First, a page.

Temples to atheism

David Greusel

February 3, 2012

I disagree. All these buildings you list are temples of humanism, not atheism. They celebrate human achievement and greatness, not human unbelief.

A temple to atheism, however, seems to be a natural extension of a worldview that is becoming increasingly "religious" in its manifestation.

David Greusel
February 3, 2012

Thanks for your comment, mgeertsma. I take your point. But have you considered that a monument to "human achievement and greatness" is itself a statement of unbelief in something that transcends humanity?

Just a thought...

February 3, 2012

Honestly, I'm not sure. Somehow a monument to human achievement seems more self-serving and selfish than a temple to atheism, which still places its focus on something other than ourselves (even if that something is nothing).

This is really just my own emotional reaction to the idea--a temple to atheism strikes me as idealistic and whimsical (in the same sense as a religious temple or cathedral) in a way that a house of art, a house celebrating human greatness, is not.

You're right, though, that a monument to human achievement is, on some level, a statement--but perhaps more a statement that we ourselves are gods, rather than a statement about the existence (or non existence) of a higher power.

Jason Summers
February 4, 2012


This is an interesting article and I follow your argument (though having lived with great comfort in a Holl building, I'm perhaps more sympathetic to him); but if the time I've spent in Italy has taught me one thing about the historic churches, it's that they were as much temples to art and culture as to God and that they often were funded by and celebrated work created by apostates, agnostics, and atheists. It's very difficult to disentangle these things when they are embedded in structures created in the context of a religious and political oligarchy.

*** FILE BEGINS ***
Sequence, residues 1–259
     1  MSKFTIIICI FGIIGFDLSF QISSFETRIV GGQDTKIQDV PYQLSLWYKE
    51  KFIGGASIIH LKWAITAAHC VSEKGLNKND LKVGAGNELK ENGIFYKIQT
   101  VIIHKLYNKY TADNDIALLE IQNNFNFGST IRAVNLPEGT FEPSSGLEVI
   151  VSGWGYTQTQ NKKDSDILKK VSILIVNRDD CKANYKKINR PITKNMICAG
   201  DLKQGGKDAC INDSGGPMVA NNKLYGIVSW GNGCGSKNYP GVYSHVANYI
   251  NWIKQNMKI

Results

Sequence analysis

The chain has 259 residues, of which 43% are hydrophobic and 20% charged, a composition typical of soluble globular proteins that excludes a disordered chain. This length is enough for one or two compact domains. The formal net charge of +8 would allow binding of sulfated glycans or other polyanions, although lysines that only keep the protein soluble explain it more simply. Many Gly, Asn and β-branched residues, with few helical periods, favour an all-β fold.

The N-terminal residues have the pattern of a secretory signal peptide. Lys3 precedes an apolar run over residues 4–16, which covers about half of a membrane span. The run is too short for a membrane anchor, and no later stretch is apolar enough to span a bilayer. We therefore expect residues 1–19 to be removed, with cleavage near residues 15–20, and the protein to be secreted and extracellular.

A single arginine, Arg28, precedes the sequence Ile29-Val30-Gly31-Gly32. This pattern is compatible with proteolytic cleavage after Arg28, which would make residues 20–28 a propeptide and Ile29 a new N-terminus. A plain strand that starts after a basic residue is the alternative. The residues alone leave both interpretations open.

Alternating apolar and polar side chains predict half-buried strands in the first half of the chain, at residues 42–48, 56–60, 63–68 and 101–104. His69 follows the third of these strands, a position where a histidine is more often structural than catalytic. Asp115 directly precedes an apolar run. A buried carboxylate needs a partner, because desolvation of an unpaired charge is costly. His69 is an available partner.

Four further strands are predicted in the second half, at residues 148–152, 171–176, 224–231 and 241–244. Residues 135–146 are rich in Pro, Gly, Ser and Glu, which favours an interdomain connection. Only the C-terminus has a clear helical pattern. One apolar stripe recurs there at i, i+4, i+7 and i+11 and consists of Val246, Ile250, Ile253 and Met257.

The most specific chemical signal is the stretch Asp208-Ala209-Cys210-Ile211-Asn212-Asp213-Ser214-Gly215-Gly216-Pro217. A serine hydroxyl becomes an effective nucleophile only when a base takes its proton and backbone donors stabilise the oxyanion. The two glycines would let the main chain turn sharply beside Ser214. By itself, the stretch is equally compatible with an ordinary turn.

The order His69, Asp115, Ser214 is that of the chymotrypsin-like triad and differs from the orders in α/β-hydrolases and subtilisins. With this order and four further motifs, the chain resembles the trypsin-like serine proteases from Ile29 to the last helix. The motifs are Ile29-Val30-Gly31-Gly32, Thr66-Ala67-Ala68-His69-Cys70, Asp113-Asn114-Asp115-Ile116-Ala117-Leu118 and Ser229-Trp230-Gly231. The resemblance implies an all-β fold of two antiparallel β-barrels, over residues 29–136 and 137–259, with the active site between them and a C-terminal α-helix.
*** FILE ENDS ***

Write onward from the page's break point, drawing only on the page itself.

Joel VanderWeele
February 7, 2012

Regardless of how you feel about de Botton’s project, he does raise an interesting question about how we think about church/temple architecture: If Christianity was established as an organized religion last week, and we wanted to send a message with our temples, monuments, and churches, what sort of beliefs and values would we want them to embody? Do today’s houses of worship embody those beliefs and values?

I agree that the fine art galleries and concert halls have captured the prominence once enjoyed by churches and cathedrals, but we should be careful not to ignore the importance of art (not just fine art) in Christian life. Part of what made the churches and cathedrals of yesteryear so great was that they served as the centers of community life and culture; houses of worship in the broadest and best sense. We don’t worship God solely by contemplating his greatness surrounded by our friends and family, we worship him by using the gifts God gave us: by creating beautiful paintings, discussing good books with friends, making well-balanced soups, teaching children how to ride a bike... Our worship has many forms, and our houses of worship should reflect that.

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